The 1st to the 5th March is this year’s Sustainability Week, an annual event that emphasises the importance of making sustainable choices. However, there is one thing that sets this year’s Sustainability Week apart from similar efforts that have been made in previous years: the Societies Sustainability Alliance. At present, this Alliance is comprised of 17 different societies which, collectively and in collaboration with university staff, aim to “improve representation from societies and groups in discussion and decision-making regarding sustainability at the University of Exeter” (Societies Sustainability Alliance Terms of Reference). The member societies range from those that already have a distinct environmental focus, such as Be The Change, to those that have a more academic focus, such as the Exeter Law Society. Continue reading Bleed Greener: Spotlight on Sustainability Week

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Review: Uncle Vanya

Anton Checkhov’s 1899 play Uncle Vanya resonates with modern audiences differently when compared to the play’s intended audience, and this is epitomised by the latest production. The cast is filled with well-known faces, although these actors are more familiar swinging a metal detector or flying an aeroplane they adapt to the heightened tone, creating an exaggerated realism that does not permit the audience a moment … Continue reading Review: Uncle Vanya

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Creative Corner: Selkies Stranded on Plemont Bay

“Selkie: a mythical creature that resembles a seal in the water but assumes human form on land.”— Definition from Oxford Languages Cavernous, the sullen cliffs part their lips to reveal the seaWrithing like a tongue, rolling and thrillingThe shore with trails of green. There are women, hungry and dispersedAlong the sand’s raised brow like debris from a wreck.Swallowed by sealskin, Grey and mournful and open-mouthed,The … Continue reading Creative Corner: Selkies Stranded on Plemont Bay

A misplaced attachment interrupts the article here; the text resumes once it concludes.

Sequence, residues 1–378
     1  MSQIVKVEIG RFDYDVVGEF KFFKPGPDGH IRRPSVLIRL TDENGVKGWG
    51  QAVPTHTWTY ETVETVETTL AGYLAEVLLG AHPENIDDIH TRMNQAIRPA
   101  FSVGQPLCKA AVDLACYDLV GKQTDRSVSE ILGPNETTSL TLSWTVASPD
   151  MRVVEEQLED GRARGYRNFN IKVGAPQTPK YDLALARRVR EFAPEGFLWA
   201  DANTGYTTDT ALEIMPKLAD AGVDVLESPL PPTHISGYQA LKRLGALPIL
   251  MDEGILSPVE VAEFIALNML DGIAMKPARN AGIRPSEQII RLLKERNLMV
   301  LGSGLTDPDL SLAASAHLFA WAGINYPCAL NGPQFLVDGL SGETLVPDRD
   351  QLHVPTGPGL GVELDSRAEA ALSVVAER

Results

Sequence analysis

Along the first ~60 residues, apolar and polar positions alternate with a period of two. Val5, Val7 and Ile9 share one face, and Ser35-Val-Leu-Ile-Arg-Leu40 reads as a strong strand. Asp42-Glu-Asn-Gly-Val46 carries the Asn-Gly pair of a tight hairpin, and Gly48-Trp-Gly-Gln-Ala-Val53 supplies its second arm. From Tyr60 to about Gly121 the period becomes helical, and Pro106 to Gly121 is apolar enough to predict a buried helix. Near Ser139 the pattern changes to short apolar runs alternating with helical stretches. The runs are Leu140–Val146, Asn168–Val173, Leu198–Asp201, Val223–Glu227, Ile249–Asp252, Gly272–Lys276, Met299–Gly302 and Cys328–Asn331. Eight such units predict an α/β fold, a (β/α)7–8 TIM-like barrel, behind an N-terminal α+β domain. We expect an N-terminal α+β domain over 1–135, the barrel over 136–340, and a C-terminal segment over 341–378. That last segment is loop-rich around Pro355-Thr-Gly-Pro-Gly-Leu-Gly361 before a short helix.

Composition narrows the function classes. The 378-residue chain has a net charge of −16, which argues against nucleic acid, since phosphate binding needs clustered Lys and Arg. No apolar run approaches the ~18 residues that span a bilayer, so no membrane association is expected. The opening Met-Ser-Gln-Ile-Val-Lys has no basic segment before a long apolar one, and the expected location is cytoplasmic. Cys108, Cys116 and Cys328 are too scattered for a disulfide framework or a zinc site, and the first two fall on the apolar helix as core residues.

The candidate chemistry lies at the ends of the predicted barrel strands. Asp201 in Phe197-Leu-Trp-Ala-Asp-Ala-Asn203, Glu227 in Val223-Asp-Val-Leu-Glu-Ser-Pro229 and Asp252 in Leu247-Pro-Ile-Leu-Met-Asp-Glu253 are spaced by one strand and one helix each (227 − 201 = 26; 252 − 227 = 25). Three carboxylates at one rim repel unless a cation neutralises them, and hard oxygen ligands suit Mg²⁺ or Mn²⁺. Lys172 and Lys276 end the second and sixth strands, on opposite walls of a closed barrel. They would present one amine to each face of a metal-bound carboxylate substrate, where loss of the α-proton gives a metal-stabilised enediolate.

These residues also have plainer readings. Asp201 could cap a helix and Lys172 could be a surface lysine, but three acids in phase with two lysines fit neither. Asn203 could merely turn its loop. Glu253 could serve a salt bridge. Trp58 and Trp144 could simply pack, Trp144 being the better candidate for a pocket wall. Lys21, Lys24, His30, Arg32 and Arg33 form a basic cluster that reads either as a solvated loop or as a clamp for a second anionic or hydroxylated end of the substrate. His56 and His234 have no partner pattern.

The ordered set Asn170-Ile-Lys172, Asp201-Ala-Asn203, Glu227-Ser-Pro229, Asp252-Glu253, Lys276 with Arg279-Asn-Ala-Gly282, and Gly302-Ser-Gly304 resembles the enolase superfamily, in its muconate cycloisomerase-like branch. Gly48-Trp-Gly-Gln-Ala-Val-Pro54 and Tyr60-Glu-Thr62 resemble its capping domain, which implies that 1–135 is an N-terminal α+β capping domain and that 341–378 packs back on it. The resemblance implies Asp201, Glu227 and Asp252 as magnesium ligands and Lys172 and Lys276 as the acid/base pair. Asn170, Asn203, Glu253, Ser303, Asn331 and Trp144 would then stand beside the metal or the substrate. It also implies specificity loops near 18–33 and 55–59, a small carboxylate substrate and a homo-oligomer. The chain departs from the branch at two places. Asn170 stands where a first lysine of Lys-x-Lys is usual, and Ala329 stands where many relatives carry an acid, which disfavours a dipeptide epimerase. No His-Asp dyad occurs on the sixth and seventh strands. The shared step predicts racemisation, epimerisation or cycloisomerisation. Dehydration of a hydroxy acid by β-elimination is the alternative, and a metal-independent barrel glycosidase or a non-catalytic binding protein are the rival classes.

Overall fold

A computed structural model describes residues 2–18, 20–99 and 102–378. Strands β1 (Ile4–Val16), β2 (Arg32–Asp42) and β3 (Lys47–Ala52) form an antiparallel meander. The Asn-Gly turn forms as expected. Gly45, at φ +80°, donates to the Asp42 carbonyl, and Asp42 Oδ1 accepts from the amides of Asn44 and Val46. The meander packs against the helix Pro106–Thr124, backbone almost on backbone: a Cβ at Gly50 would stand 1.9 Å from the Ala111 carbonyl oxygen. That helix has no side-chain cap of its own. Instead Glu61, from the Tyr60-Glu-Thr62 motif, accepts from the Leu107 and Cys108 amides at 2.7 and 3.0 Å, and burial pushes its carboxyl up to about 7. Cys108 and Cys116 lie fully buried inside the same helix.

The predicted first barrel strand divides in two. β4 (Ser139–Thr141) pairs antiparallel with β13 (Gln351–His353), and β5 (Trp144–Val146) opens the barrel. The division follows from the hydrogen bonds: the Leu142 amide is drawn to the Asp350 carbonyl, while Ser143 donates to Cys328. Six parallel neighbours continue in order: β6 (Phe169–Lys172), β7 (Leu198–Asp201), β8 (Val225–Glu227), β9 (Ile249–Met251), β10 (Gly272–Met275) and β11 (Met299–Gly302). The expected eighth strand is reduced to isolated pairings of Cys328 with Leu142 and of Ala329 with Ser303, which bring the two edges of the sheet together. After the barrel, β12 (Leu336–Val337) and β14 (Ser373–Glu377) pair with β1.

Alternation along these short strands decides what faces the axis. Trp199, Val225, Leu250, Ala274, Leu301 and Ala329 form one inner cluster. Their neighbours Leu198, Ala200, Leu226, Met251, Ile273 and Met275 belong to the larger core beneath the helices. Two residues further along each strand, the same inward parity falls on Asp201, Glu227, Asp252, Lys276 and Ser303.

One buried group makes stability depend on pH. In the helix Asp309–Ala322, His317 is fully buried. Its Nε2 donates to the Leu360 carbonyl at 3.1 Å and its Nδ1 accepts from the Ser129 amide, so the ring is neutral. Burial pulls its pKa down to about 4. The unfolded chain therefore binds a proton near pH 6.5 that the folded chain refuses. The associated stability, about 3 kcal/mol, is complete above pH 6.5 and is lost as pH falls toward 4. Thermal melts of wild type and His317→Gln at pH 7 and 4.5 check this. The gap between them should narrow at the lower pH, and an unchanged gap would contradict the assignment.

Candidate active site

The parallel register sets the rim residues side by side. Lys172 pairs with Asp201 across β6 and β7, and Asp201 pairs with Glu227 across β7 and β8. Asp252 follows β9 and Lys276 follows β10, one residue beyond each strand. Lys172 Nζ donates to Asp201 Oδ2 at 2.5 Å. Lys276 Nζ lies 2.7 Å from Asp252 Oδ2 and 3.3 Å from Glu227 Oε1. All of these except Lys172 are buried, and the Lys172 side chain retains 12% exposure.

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Interview: Art Society Discusses Lockdown Life Drawing

It’s an overwhelming understatement to say that it’s been a difficult year, for very obvious reasons. Everything, in our personal, professional, and literally physical existences, has become increasingly strained and under pressure. Approaching the year anniversary of our first lockdown, this pressure is building more than ever. This also means that it’s been almost a year since societies have been able to run any regular events. In-person events are crucial to the running of many societies and with guidelines changing all the time and the country moving in and out of lockdowns and tiers, the impact has been far felt. However, COVID-19 has had a particularly dramatic impact on the art community in Exeter, with restrictions preventing perhaps the most personal of in-person events, the life drawing class. Continue reading Interview: Art Society Discusses Lockdown Life Drawing

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RAZZ Recommends: How to Cope with Your New Housemates aka, Your Parents

So, we have entered a third national lockdown. After the announcements in March and November, you would think that Boris Johnson and his Government would have a checklist of important information to include in a lockdown briefing. Unfortunately, this list seems to have been lost, mistakenly taken on a trip to Waitrose, leaving Boris to babble behind his podium, staring at a post-it with fruit, veg and toothpaste scribbled on it. Once again, university students were left puzzled on 4 January and were presented with a choice: to return or to stay home. Continue reading RAZZ Recommends: How to Cope with Your New Housemates aka, Your Parents